Founded January 16, 1920, Zeta began as an idea conceived by five coeds at Howard University in Washington, D.C.: Arizona Cleaver, Myrtle Tyler, Viola Tyler, Fannie Pettie and Pearl Neal. These five women, also known as our Five Pearls, dared to depart from the traditional coalitions for black women and sought to establish a new organization predicated on the precepts of Scholarship, Service, Sisterly Love and Finer Womanhood. It was the ideal of the Founders that the sorority would reach college women in all parts of the country who were sorority-minded and desired to follow the founding principles of the organization. Founder Viola Tyler was oft quoted to say “[In the ideal collegiate situation] there is a Zeta in a girl regardless of race, creed, or color, who has high standards and principles, a good scholarly average and an active interest in all things that she undertakes to accomplish.”
Since its inception, the sorority has chronicled a number of firsts. Zeta Phi Beta was the first Greek-letter organization to charter a chapter in Africa (1948); to form adult and youth auxiliary groups; to centralize its operations in a national headquarters; and to be constitutionally bound to a fraternity, Phi Beta Sigma Fraternity, Inc.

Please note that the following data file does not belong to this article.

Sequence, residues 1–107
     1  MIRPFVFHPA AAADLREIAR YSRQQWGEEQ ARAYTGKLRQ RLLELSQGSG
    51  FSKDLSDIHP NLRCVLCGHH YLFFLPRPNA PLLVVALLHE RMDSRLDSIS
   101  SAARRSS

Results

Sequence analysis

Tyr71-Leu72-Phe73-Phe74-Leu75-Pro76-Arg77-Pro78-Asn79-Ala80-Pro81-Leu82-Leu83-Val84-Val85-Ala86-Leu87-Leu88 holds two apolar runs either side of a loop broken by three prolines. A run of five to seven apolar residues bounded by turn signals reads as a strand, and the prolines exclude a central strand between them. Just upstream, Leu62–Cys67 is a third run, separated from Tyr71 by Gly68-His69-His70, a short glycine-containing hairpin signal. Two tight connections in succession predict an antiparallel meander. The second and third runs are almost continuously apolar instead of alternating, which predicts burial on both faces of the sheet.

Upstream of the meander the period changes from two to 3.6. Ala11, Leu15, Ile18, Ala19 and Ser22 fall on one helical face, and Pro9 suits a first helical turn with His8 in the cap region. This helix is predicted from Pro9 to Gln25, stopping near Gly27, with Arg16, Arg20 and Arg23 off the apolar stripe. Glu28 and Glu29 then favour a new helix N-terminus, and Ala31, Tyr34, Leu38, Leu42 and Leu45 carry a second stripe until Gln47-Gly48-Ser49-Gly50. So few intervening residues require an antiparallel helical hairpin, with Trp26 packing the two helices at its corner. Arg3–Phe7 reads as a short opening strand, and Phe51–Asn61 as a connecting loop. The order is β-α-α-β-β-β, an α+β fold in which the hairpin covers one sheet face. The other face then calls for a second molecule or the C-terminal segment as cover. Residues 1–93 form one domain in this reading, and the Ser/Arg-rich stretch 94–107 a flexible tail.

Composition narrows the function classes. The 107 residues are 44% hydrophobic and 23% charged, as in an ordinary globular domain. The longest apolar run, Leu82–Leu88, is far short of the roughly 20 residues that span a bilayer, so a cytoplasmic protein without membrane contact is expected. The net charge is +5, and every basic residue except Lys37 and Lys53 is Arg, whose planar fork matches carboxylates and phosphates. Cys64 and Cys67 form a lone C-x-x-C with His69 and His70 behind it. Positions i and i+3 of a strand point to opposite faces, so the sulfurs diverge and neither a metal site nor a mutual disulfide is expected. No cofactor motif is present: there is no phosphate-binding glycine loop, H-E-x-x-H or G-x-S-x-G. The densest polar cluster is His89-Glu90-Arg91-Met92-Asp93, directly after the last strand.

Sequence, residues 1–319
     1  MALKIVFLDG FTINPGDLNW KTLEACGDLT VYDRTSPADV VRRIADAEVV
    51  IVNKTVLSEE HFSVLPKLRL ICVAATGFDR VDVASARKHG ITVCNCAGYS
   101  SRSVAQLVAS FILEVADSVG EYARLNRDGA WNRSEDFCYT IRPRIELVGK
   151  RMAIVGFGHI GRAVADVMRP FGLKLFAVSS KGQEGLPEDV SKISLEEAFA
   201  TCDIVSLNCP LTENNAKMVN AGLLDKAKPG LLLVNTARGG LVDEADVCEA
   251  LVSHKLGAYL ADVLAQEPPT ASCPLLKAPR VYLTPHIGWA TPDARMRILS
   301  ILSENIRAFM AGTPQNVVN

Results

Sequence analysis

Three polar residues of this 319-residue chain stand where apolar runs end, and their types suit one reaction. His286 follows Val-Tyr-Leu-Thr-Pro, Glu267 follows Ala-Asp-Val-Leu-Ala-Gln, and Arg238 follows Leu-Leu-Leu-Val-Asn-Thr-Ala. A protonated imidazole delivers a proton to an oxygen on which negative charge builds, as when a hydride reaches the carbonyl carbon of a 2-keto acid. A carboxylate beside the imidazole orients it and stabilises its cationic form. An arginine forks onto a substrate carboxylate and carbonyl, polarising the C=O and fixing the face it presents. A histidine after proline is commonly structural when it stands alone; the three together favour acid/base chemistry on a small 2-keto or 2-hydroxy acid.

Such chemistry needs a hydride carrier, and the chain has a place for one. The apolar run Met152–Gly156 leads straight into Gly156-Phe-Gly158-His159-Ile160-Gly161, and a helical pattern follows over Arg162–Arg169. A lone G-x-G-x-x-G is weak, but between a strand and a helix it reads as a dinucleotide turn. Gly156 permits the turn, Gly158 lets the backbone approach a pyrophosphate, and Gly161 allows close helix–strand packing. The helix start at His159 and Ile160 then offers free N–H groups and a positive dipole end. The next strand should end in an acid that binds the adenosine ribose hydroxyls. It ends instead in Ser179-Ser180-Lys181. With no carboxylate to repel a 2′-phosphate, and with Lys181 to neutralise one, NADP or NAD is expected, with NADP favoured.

Zeta’s national and local programs include endowment of its National Educational Foundation, community outreach services and support of multiple affiliate organizations. Zeta chapters and auxiliary groups have given many hours of voluntary service to educate the public, assist youth, provide scholarships, support organized charities and promote legislation for social and civic change.
The Tau Pi Chapter here at the University of Montevallo was chartered November 9, 1998. Since then, we have been devoted to our community. Some of the signatures that are sponsored by our chapter here on campus are Zeta Night at the Apollo, the annual Greek Unity Step Show, monthly Z-Hope programs, and the Adopt a Freshman Program just to name a few.